FE and the Westminster bubble - Nick Isles Blog

 
Mon 14 Oct 2013

One of the recent criticisms of the way our parliamentary system works is that the selection process for the people who become MPs and then Ministers is too narrow. The current Cabinet have more former male Oxbridge students than women for example. The route to success in politics today is very different to yesteryear. Then parliament was full of people from a wide variety of backgrounds. Industry and commerce sat on the Tory benches. Trades Unionists and former heavy industry workers sat on the Labour benches.  Now the route to success is more formalised. A would-be Minister will typically study a certain approved subject (Politics, Philosophy and Economics PPE, perhaps) at a suitable University. The individual will then spend time working as a researcher for a front bencher, in a central party operation, or making a name for themselves in a think tank before being selected in a “safe” seat. Within two years they would expect to become a Minister. Most of these people thus have no contact with, or knowledge of, Further Education, being overwhelmingly from the private school/academic state school route. 

I saw the system at work and in close-up during my time as a Director of a leading think tank. Such a lack of diversity does mean there are consequences. Thus I was not surprised when in an idle moment a couple of days ago I was looking at the Parliamentary website and saw that of fifty-five parliamentary questions received by the Secretaries of State for Education and for Business, Innovation & Skills (the two bodies with overall responsibility for Further Education Colleges like Milton Keynes) none mentioned FE Colleges.  I decided to look at the Early Day Motions (EDMs).  For those unfamiliar with the term, these are like mini Parliamentary petitions which any MP can start and encourage their colleagues to sign up to.  They’re never voted upon but are seen as putting down a marker about important issues.  Even EDM 552 entitled Apprenticeships and Public Contract, did not mention FE.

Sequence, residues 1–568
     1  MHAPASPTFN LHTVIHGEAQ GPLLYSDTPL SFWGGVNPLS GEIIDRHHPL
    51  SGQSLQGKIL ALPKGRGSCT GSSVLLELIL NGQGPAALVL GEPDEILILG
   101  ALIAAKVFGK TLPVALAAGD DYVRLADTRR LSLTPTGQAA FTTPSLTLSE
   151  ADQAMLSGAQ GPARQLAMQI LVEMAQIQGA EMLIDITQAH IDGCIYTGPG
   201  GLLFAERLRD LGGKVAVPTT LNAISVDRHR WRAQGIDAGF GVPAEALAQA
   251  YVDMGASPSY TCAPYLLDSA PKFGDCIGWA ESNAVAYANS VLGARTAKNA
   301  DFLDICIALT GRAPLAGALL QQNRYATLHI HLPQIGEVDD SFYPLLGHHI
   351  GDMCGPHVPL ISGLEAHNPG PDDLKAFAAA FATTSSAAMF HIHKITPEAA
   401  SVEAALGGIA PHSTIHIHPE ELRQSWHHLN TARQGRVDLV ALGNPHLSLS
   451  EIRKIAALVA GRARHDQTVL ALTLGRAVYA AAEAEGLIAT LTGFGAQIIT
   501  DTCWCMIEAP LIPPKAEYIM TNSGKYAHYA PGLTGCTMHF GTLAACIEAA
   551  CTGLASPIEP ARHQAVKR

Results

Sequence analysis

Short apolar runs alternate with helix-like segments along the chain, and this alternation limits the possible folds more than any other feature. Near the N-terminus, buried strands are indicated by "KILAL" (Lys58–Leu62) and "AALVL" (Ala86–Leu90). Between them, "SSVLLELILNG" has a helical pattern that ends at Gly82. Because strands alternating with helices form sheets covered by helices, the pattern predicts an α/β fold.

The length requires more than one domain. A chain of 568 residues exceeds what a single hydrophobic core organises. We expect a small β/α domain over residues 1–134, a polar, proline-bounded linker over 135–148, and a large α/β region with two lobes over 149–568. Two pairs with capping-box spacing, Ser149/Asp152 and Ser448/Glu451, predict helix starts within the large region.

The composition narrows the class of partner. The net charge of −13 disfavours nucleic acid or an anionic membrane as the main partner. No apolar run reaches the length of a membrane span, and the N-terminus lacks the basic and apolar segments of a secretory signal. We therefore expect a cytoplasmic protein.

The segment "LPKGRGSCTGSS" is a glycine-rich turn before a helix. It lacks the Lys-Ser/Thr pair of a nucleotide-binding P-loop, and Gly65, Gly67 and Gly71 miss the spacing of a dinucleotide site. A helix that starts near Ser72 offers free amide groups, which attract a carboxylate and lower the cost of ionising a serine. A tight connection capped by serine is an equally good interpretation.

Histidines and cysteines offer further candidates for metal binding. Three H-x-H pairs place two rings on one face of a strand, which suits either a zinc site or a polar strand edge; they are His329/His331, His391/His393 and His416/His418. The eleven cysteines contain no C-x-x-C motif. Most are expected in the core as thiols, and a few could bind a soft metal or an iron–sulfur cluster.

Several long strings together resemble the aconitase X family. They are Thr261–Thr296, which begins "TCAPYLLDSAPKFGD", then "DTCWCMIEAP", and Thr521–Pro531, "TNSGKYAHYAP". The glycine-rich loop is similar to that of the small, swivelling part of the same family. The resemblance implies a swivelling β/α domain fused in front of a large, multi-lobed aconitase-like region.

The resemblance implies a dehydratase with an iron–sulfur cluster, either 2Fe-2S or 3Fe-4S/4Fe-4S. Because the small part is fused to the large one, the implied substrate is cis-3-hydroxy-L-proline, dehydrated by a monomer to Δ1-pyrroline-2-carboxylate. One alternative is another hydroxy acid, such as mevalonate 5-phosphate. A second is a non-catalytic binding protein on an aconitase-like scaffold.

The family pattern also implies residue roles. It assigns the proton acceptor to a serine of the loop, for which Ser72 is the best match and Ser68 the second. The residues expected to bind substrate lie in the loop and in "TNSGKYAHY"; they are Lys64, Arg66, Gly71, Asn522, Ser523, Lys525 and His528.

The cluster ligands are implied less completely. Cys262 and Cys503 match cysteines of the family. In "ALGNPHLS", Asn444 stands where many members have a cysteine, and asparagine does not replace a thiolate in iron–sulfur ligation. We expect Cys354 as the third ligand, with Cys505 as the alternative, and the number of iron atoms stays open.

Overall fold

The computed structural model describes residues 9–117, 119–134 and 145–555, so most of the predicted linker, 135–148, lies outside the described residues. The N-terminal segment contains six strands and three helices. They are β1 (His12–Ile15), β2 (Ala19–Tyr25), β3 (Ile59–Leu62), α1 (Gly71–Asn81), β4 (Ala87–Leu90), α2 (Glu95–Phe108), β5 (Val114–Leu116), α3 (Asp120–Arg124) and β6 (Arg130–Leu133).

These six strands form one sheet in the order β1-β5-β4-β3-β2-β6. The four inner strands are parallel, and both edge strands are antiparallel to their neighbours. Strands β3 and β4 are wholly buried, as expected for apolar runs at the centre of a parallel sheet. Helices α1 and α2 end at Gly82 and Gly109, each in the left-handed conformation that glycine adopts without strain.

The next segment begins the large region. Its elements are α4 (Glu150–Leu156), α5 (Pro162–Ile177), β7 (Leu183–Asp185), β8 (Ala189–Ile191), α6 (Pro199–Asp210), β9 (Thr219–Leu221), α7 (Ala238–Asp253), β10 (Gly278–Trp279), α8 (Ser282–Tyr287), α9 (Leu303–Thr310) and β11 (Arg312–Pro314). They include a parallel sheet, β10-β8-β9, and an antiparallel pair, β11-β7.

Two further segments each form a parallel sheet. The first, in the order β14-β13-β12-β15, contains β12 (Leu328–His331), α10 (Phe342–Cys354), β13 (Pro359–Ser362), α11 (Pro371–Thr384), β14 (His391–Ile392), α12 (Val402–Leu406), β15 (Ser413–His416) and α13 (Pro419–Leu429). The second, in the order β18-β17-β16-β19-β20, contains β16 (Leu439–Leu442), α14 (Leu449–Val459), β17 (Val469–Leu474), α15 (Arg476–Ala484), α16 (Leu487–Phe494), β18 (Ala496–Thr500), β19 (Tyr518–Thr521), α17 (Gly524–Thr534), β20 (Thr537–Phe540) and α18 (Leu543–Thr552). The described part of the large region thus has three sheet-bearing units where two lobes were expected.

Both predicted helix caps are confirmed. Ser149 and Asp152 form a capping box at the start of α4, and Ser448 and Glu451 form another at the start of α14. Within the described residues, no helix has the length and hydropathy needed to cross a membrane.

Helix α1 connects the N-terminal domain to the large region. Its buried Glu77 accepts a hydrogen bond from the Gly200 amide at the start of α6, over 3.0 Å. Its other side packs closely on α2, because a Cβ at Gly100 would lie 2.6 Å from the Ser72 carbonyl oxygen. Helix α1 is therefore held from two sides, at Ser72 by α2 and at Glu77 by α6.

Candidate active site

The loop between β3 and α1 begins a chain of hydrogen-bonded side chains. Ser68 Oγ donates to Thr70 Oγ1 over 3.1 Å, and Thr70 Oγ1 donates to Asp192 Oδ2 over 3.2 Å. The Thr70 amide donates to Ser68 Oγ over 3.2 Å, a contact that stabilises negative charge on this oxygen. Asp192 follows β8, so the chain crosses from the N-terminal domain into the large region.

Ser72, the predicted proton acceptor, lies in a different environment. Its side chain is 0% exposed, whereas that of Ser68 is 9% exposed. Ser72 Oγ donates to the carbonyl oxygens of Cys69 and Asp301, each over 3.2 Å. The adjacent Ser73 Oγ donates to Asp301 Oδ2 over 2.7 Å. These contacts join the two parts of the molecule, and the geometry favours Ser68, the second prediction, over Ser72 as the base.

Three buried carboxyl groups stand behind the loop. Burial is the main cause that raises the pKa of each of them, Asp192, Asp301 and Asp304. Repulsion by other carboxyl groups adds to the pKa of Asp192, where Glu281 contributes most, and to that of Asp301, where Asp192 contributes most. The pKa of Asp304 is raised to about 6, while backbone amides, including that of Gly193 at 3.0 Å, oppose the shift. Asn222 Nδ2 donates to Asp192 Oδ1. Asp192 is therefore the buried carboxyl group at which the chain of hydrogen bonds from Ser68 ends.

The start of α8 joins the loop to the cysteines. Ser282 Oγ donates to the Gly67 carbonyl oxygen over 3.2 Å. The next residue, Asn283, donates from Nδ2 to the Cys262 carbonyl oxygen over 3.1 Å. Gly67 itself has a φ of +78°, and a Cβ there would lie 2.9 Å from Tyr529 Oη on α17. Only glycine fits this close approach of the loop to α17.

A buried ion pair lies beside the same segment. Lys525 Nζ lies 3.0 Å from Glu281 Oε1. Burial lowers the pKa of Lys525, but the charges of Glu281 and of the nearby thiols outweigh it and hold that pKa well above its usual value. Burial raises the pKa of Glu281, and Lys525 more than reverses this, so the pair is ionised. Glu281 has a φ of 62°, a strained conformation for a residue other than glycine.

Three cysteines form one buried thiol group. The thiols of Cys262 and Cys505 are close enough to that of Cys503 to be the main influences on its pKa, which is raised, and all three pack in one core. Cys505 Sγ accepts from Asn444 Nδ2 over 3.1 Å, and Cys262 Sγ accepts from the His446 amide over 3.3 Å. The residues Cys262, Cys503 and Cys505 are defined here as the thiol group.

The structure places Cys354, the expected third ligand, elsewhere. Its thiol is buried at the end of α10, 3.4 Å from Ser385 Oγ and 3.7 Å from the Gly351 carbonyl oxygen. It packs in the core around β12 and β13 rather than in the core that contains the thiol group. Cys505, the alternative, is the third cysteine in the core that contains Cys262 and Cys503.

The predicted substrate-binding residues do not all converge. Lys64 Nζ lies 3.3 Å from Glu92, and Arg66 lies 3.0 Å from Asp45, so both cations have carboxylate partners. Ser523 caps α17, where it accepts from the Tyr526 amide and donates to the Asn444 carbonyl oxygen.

So what should be done?  Blame can be cast at politicians, educational elitists and the media, but does casting blame benefit FE Colleges for the future? Of course not. FE represents the most powerful resource the country has for improving the skills of the UK population. Growth happens in localities and FE Colleges are rooted in those communities.  We have the contacts with local business to ensure that what we teach is relevant to the needs of our immediate economies.  Local skill shortages require a local solution, and that is exactly where FE can fill a gap. And this approach fits entirely with the localism agendas espoused by all the main political parties.

So we must make sure our voice is heard. We must celebrate our achievements. We must do what the Principal of MK College Julie Mills and I did the last few weeks which is talk to our MPs and Ministers and show them the new experiences that FE offers so many. We may not be able to do much at the moment about the narrowness of our political elite but we can change the weather about how we are perceived.

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